Chandan Khanna is a photojournalist based in New Delhi, India working with Agence France-Presse. His Instagram feed features candid snapshots of life from across India. Out on the streets, he captures moments from the daily lives of Indians- from millionaires to vagrants, showcasing the multifaceted and highly varied portrait of India. This photo series showcases the vastly untold and hidden story of child laborers working to produce bidis or Indian handmade cigarettes.
Here are excerpts of our conversation.
Tell me a bit about yourself- How did you become a photographer?
Chandan Khanna: My name is Chandan Khanna and I am a photojournalist working with AFP based in New Delhi. I am also an avid Instagrammar. I decided to become a photographer because I love relating to people, hence street reportage style of photography is my mecca. Whenever I see a happy or a sad face on the street, and I also happen to know the reason behind that, I enjoy sharing that story and that moment with everyone else. It brings me joy to be able to work freely and enjoy my artistic freedom, and I have been fortunate enough to have had the guidance of some great photographers and journalists who were vital in helping me with the field of photojournalism. I had to strive and dedicate myself for a considerable amount of time before I was considered for my current position as a staff photographer with AFP.
My pictures convey the palpability of our society and its inhabitants as a whole.
Were you formally educated in photography or were you self-taught?
C.K.: I have received a diploma certificate in creative photography through the Sri Aurobindo Centre for Arts and Communication in New Delhi, which taught me basic technicalities of camera equipments and later the ethics of photojournalism I learned by wandering around the streets and shooting news worthy events.
How would you describe your personal style or aesthetic?
C.K.: My personal style is street reportage as I feel it is one of the most difficult styles to master. We have to always pay attention to our surroundings and be on a constant lookout for new subjects and frames. I feel excited about going to a new place and finding a new story to work on, I feel glad and grateful that I was able to transform my hobby into a profession I love.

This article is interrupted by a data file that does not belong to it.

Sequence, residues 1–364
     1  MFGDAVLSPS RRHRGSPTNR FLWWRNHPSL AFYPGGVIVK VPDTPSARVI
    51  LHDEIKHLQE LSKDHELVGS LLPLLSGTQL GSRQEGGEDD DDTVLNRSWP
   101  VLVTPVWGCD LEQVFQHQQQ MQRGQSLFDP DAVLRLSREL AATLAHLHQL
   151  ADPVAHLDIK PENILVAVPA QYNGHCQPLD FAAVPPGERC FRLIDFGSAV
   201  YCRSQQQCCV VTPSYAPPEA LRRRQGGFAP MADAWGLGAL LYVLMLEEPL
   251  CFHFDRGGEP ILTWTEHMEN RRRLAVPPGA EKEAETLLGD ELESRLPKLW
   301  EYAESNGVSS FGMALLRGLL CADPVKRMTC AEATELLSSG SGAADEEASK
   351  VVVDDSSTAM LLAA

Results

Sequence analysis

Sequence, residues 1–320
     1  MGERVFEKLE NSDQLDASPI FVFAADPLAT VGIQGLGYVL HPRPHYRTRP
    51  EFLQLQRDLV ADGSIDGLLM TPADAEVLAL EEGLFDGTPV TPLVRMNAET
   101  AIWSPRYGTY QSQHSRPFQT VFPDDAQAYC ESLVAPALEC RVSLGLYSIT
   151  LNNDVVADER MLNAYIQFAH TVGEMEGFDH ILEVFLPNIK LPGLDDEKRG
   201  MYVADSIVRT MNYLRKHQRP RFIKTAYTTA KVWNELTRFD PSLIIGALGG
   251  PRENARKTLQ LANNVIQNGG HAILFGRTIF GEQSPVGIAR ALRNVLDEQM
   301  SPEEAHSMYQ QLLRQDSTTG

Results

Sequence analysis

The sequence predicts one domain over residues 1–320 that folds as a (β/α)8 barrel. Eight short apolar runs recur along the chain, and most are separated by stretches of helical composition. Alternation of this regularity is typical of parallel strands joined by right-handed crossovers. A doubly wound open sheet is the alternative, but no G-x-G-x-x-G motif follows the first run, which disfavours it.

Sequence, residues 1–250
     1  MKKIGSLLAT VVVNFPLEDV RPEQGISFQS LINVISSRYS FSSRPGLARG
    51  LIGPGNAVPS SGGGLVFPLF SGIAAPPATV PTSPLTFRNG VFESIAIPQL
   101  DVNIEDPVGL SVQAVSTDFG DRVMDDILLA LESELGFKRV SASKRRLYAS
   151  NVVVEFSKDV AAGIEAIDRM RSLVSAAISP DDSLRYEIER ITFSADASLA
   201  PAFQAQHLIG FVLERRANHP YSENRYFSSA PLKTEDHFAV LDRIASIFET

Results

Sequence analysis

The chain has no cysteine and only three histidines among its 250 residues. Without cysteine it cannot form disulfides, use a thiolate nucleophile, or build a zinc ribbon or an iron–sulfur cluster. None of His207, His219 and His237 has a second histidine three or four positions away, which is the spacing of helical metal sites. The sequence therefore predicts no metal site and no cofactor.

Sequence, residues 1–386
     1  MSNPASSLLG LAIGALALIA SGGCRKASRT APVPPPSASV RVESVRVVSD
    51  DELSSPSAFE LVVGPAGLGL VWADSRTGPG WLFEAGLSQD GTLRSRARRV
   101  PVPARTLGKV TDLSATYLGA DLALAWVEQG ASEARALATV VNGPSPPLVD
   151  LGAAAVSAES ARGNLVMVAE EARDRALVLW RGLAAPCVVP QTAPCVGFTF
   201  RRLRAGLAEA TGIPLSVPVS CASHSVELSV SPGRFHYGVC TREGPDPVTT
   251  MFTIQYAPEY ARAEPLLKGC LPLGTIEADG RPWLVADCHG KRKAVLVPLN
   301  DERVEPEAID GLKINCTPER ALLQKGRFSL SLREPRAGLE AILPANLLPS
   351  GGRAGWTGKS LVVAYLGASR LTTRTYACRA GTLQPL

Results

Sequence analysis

What makes a great picture stand out?
C.K.: Framing and composition are the most important aspects that make a great picture stand out in my opinion. I am always in awe of photographers and video makers who utilize the frame and make it seem even more magnificent than it would in reality. Good post-processing skills are also crucial for a great pic to stand apart. And the most important part is the expressions of your subject, which gives life to your photographs.
What are your favorite subjects and locations?
C.K.:My favorite subjects range from a street Urchin to a wealthy billionaire, from a fruit seller to a marketing tycoon. My favorite locations to shoot are Paharganj, Chandini Chowk and Jama Mazjid in Old Delhi. I also love shooting in my home town Allahabad. Mathura, Varanasi and Vrindavan are my favorites in Uttar Pradesh, I also love Pondicherry as I’ve spent a lot of time shooting there.
What is it you want to say with your photographs, and how do you convey that through your photographs?
C.K.: I try to seek truth in real life and I do not believe in pretenses, hence most of my pictures are raw and unadulterated. My pictures convey the palpability of our society and its inhabitants as a whole and that is exactly what I strive to capture through my camera.
Which artists’ or photographer’s work do you admire?
C.K.: I really admire the work of Henri Cartier-Besson, Robert Frank, Abbas, Raghubir Singh, Kevin Frayer. While I get inspiration from the reportage work of the greats like Mr. Frank, I really appreciate the depth and gravitas in Mr. Frayer’s portraiture of his subjects and his (and many others) approach towards art in general.
What would you say is your favorite piece of your own work and why?
I believe that my piece on the series “BIDI” is my favorite as I wasn’t aware the level of struggle and child labour used to manufacture a Bidi (Indian cigarette). It was a one day project which I did for AFP and I also shot many pictures for my Instagram feed which really got appreciated by many after I posted them.
The most important part is the expressions of your subject, which gives life to your photographs.